The Swiss gained confidence after starting with a cautious approach but managed to show themselves around Gianluigi Donnarumma’s area only on 41 minutes. Fabian Frei whipped a free-kick into the box to find Manuel Akanji’s header – which ended not far from the top right corner of the goal.

Right before the break, Insigne tried to catch Sommer by surprise firing a free kick right towards his goal from a narrow angle but the Swiss goalie continued to stay alert.

Italy had a chance to open the scoring early in the second half but Jorginho wasted it from the penalty spot. The Italian-Brazilian was sent to the spot by Torino’s Ricardo Rodriguez, who slide-tackled Berardi in the box, hitting him on his foot.

Jorginho’s penalty duel with Sommer was a battle between two specialists, but the Swiss goalkeeper didn’t exactly have a pull off a miracle to save the Chelsea man’s sloppy conversion attempt.

Roberto Mancini changed both his wingers, sending in Federico Chiesa and Nicolò Zaniolo – finally back with the Azzurri after the terrible ACL injury he suffered one year ago. The Roma starlet replaced Ciro Immobile, thus playing as a falso nueve. Murat Yakin answered with a triple change that brought in Denis Zakaria, Ulisses Garcia and Ruben Vargas. The Swiss coach then added striker Christian Fassnacht, while Mancini’s next move was Verratti for Locatelli.

On 71 minutes, another opportunity for the Azzurri: Insigne was picked by Locatelli in the box and volleyed the ball towards Sommer but the Borussia Monchengladbach shot-stopper was insurmountable.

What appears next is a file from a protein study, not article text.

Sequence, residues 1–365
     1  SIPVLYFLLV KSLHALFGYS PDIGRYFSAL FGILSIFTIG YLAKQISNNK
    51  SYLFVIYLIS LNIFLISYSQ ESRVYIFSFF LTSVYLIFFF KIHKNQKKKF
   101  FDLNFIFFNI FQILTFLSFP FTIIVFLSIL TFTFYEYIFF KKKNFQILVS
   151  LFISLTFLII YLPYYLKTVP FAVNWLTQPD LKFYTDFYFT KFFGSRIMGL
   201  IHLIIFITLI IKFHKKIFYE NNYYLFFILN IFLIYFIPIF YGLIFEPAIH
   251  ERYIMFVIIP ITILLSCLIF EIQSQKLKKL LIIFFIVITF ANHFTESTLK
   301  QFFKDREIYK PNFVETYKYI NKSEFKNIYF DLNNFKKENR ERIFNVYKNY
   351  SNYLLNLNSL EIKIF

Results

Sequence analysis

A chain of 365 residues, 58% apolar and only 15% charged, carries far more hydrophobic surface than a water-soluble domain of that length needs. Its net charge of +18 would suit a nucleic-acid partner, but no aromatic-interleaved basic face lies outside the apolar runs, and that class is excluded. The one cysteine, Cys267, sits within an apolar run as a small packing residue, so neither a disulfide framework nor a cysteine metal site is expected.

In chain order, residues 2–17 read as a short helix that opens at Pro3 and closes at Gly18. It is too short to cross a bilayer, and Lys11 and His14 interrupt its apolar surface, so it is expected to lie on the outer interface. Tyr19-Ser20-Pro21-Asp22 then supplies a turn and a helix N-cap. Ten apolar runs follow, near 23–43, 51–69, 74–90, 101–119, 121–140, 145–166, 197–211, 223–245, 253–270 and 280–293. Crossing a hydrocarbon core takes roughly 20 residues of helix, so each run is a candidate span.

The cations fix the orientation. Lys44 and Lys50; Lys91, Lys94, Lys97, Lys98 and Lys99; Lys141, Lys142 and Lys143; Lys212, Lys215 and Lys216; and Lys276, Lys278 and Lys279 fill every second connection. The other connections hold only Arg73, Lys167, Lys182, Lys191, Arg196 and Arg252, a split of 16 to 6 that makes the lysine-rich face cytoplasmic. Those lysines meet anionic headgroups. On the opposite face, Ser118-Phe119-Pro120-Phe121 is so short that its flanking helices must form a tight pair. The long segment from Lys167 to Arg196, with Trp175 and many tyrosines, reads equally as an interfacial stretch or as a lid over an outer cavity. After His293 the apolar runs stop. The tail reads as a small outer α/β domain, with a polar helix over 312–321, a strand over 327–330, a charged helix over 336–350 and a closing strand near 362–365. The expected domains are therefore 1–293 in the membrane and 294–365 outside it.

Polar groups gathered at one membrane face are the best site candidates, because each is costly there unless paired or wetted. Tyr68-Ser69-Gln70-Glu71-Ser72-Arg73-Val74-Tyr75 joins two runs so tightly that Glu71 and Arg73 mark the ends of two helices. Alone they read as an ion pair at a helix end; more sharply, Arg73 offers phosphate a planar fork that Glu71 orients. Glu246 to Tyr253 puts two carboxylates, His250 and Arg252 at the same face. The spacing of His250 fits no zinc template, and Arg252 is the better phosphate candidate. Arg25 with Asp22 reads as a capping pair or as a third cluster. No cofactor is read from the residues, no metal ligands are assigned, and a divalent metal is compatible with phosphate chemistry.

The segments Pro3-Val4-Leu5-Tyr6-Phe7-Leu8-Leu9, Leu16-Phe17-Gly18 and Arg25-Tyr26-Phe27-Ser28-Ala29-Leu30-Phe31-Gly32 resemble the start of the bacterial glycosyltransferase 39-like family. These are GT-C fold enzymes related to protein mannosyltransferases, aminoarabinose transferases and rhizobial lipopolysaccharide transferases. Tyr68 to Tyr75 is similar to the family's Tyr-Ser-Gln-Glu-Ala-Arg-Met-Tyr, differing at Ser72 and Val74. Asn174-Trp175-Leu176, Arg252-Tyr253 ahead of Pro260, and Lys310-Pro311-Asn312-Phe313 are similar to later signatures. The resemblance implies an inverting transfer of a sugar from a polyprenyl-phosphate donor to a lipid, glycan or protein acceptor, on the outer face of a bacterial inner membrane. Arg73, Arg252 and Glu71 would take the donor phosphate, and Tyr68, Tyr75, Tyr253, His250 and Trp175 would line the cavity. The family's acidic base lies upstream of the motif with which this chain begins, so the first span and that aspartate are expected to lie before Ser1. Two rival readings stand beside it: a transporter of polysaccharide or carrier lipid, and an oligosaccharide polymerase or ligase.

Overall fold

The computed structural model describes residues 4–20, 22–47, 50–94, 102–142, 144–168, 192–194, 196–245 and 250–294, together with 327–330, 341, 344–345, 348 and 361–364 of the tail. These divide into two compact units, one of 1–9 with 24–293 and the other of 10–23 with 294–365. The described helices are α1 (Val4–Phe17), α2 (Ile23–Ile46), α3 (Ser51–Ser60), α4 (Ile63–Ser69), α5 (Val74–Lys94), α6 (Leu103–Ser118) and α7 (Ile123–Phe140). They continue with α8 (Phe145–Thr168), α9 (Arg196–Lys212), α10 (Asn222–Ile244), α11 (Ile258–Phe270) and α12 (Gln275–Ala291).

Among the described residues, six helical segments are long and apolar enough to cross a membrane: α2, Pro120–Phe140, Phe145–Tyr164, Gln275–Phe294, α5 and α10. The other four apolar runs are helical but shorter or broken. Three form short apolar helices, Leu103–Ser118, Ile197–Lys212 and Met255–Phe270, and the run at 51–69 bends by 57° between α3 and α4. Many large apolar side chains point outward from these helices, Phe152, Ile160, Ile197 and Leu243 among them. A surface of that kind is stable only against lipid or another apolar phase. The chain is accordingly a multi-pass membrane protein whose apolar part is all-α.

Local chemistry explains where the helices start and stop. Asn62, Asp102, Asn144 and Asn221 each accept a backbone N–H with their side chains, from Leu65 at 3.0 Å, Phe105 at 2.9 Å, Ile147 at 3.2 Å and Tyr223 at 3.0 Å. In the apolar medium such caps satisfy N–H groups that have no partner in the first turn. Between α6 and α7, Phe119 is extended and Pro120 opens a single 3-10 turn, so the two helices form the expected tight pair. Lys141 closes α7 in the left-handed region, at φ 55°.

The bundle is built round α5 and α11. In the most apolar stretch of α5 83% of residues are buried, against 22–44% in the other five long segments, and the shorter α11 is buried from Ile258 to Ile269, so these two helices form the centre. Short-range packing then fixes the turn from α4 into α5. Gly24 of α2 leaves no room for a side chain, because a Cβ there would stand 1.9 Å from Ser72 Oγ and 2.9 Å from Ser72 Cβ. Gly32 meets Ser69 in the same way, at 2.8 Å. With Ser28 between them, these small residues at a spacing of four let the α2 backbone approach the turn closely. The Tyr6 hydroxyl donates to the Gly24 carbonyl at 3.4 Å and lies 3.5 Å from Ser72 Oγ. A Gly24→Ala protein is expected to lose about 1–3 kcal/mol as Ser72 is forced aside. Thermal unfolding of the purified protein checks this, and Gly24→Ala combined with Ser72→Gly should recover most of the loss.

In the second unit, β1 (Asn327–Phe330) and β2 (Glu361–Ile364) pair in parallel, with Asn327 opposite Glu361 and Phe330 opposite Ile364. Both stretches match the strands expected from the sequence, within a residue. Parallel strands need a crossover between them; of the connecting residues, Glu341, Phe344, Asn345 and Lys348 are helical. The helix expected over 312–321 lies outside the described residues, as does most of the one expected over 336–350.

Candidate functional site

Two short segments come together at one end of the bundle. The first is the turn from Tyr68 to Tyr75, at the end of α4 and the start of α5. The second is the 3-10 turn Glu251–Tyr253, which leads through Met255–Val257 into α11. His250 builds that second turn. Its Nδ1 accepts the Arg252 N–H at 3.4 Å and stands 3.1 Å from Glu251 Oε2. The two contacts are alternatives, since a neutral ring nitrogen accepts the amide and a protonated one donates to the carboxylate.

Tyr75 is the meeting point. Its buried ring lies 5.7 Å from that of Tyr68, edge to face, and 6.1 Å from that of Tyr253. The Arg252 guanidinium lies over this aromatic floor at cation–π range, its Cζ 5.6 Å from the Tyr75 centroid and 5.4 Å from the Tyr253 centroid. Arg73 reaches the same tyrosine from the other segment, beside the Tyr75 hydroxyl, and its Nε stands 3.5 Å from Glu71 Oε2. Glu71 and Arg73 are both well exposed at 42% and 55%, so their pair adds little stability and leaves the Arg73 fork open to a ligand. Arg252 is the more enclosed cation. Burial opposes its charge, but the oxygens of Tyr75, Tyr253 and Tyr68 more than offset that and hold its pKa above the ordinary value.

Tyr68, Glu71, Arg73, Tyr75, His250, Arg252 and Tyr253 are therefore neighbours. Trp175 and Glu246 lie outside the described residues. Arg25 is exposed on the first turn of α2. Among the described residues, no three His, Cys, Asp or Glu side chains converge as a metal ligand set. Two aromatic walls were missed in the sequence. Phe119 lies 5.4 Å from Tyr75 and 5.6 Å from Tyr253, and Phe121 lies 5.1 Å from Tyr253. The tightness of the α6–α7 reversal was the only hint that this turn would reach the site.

The score did not change. Italy continued to maintain command of the operations until the end but Switzerland gave the impression to be able to strike by any minute, with Zakaria testing Donnarumma in a couple of occasions. Mancini’s last additions – Giacomo Raspadori and Matteo Pessina – didn’t have enough time to make an impact.

The Italian coach was disappointed at full time: “This is one of those games where you need to put the ball into the net, we had too many chances not to win,” he said in his post-match remarks. “We need to be more ruthless, more precise. We dominated the game and we should have won.

After two draws in a row, the reigning European Champions will have a prompt chance for redemption as they face Lithuania in Reggio Emilia next Wednesday. But their path towards the 2022 World Cup has surely got a bit more complicated than expected.



September 5, 2021 – World Cup 2022 Qualifiers Group C

SWITZERLAND (4-3-3): Sommer; Widmer, Elvedi, Akanji, Rodriguez (63′ Garcia); Aebischer, Frei, Sow (63′ Zakaria); Steffen (71′ Fassnacht), Zuber (63′ Vargas); Seferovic (86′ Zeqiri) (Mvogo, Kobel, Schär, Zesiger, Lotomba, Lauper, Ndoye) Coach: Yakin
ITALY (4-3-3): Donnarumma; Di Lorenzo, Bonucci, Chiellini, Emerson Palmieri; Barella (90′ Pessina), Jorginho, Locatelli (77′ Verratti); Berardi (59′ Chiesa), Immobile (59′ Zaniolo), Insigne (90′ Raspadori) (Sirigu, Gollini, Bastoni, Toloi, Calabria, Pellegrini, Cristante) Coach: R. Mancini

REFEREE: Del Cerro Grande (Spain)
NOTES: Yellow Cards: Sow, Aebischer, Elvedi, Frei (S), Chiellini (I); Added Time: 1st Half 2′, 2nd Half 4′